While Sam goes to revisit the accident scene, Dean stays on guard duty with Delilah. She opens up to him about how guilty she feels about Andrew, but we have no pity for her. Though, apparently Dean does, and tells her he can relate.
Dean: “I’ve made more mistakes than I can count. Ones that haunt me day and night.”
Delilah: “So how do you deal?”
Dean: “Whiskey … Denial. I do my best to make things right, whatever that may be. For you, maybe it’s … maybe it’s coming clean. You know, finding a way to ask for forgiveness. But not breaking the bank at your local florist. I mean … real forgiveness. You can’t just bury stuff like this. You got to deal with it.”
While at the accident scene, Sam has a realization. He calls Dean to tell him that Andrew’s haunting is being channeled through the wi-fi. Really, the wi-fi? A wi-fi haunting is actually even lamer than a possessed truck. He tells Dean to get Delilah somewhere safe and turn off all the routers in the sorority house, while he follows up on an idea. Of course, Delilah has no idea where the routers are, but she does know where the wi-fi sucks, so they go to the basement.
Andrew’s wife admits that she has been communicating online with the ghost of Andrew. She has realized that the deaths at the college could be related to Andrew’s spirit. She tells Sam that she didn’t want to face the truth, “because I knew it was revenge that brought him back, and if I tried to stop him that he might go away. And I didn’t want to lose my husband again.” Back in the basement, Andrew’s spirit has managed to get to Dean and Delilah through a ridiculously giant phone abandoned in the cushions of the couch. He goes after Delilah, but luckily Dean has an iron poker to stop him. Dean tries to talk sense into the angry Andrew, messaging Sam 911 on the giant phone, as he does sot:
“Andrew, listen to me. You have every right to be pissed. But take it from me … the more you kill, the crazier you’ll get. The blood fuels the rage. So, it looks like to me you’ve got two choices. You can keep killing and become something that you won’t recognize or you can move on, ’cause that is the only thing that is gonna give you peace. So, it’s up to you, man. Pain or peace.”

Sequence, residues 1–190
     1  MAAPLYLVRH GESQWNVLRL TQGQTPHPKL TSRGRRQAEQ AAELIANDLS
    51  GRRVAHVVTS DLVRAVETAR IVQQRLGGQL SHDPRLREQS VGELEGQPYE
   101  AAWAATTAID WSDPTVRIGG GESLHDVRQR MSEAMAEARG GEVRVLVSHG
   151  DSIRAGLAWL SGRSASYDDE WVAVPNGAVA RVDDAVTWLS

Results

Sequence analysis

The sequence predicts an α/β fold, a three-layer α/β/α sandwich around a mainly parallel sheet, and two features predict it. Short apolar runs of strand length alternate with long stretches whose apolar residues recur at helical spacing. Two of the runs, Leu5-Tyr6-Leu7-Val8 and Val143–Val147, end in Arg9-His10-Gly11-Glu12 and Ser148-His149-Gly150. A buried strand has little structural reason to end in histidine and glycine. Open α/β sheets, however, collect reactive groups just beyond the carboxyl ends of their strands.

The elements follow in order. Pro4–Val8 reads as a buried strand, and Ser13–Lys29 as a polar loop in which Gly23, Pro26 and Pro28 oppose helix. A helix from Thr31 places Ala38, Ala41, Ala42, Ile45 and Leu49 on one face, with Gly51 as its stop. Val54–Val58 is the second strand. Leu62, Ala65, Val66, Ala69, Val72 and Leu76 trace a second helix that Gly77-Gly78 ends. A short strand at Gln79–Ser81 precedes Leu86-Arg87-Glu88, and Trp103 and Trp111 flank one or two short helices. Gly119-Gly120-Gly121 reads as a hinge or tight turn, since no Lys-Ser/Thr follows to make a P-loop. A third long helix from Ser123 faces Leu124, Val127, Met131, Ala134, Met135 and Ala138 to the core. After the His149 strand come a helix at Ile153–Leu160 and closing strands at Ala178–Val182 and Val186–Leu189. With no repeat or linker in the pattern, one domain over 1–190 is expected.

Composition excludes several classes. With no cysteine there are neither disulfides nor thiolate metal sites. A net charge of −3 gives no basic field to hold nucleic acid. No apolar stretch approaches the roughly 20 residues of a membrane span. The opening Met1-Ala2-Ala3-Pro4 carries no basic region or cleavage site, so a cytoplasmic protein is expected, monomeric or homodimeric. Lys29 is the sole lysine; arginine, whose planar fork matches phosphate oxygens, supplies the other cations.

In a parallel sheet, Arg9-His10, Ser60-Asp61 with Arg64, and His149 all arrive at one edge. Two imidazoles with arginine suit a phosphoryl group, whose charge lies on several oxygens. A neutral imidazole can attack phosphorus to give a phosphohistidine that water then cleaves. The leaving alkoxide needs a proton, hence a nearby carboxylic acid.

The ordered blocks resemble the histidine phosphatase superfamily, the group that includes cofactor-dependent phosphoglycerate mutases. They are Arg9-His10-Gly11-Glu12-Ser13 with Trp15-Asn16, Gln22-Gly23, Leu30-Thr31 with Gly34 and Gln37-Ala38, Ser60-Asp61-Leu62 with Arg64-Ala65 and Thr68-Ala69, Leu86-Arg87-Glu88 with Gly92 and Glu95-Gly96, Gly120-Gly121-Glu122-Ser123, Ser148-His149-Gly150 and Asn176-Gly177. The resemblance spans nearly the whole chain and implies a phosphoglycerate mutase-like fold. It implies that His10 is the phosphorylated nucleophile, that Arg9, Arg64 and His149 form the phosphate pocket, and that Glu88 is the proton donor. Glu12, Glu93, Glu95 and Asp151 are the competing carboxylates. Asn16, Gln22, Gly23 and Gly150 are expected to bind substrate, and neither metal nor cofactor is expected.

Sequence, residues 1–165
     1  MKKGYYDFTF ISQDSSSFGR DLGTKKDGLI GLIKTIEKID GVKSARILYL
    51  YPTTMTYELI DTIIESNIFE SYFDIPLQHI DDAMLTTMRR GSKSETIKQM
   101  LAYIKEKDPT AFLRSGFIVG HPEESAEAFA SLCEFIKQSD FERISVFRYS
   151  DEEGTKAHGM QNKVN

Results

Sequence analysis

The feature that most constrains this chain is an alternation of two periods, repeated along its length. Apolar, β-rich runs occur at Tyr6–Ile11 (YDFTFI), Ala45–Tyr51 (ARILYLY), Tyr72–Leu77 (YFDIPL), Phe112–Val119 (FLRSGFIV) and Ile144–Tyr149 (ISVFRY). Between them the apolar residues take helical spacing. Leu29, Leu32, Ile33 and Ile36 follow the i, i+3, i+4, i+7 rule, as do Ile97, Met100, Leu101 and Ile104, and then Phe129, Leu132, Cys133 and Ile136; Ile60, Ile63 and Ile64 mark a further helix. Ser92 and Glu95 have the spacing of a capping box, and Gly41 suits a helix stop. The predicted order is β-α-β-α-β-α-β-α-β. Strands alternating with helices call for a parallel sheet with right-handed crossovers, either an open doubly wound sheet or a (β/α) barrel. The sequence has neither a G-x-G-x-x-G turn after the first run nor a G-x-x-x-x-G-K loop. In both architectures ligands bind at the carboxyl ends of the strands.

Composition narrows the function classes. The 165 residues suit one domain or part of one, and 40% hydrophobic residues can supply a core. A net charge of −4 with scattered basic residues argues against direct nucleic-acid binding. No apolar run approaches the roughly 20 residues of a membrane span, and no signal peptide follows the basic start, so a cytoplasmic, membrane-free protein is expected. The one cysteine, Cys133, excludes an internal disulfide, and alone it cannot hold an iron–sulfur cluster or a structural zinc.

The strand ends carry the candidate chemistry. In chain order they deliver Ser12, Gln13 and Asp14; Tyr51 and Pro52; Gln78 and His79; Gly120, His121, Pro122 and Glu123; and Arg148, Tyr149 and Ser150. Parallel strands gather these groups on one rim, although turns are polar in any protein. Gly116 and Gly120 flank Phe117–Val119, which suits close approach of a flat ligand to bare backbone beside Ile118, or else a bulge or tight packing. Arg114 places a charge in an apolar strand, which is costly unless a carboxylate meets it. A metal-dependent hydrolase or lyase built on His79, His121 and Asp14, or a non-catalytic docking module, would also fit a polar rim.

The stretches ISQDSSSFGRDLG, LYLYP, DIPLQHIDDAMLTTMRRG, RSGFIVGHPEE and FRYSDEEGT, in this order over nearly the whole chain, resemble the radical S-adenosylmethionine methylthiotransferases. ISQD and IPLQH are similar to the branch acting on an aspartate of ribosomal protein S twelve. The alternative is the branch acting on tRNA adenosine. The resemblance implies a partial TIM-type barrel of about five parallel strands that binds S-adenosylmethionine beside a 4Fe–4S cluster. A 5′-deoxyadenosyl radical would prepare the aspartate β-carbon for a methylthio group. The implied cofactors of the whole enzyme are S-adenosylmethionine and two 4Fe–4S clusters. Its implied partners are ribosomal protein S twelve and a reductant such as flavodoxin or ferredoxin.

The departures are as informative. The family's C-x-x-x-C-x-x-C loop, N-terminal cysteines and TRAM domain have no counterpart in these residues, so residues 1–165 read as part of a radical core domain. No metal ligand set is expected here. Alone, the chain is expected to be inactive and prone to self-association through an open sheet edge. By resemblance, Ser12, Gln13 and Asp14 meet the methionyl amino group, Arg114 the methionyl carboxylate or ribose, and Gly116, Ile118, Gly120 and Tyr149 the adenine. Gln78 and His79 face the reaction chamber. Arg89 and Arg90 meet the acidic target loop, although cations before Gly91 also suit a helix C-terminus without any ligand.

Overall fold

Apparently Andrew is for pain, as he reappears and begins to attack Dean. As angry spirit Andrew is strangling Dean, he hears his wife’s voice over his shoulder. He turns around to see Delilah holding up the phone. His wife is on the screen. Its a good thing they found this giant phone and the basement wifi is actually good enough to let them facetime. She tells Andrew that revenge is hollow and that it’s time for both of them to let go. It all feels very Ghost Whisperer-esque. At least he merely disapparates in a burst of light without actually walking toward the light.
It’s the next day. Sam and Dean bring Delilah to the Silver household to make her peace with Andrew’s wife. We would’ve liked to have seen them drop her off at the police station, but that’s not really their thing. Dean tells Sam that his peace is working cases and helping people, and that he’s done with trying to find a cure for the Mark of Cain. When Sam tells Dean that he can’t stop fighting, Dean responds that the answer lies within himself and that he needs to be the one calling the shots. Sounds very Zen—at least the first part. When he tells Sam that he’s going to fight until he can’t fight anymore, Sam has no retort. Hopefully this will be the end of Sam’s pep talks for a while.
After our proclamation that Season 10 was the best season since Season 5 in last week’s recap of “About a Boy,” perhaps it was inevitable to have such an unfortunate episode. We haven’t been so disappointed since the terrible and confusing episode “Bloodlines” in Season 9. We were particularly disappointed since “Halt & Catch Fire” was written by the same team that brought us the excellent episode “Ask Jeeves.” Though writers Eric Charmelo and Nicole Snyder nod to I Know What You Did Last Summer in “Halt & Catch Fire,” it doesn’t work nearly as well as their Clue-inspired episode. Neither the story nor the guest actors were very interesting, and we weren’t even sure if Sam was actually in the episode. Well, we have something to look forward to, because things can only get better from here.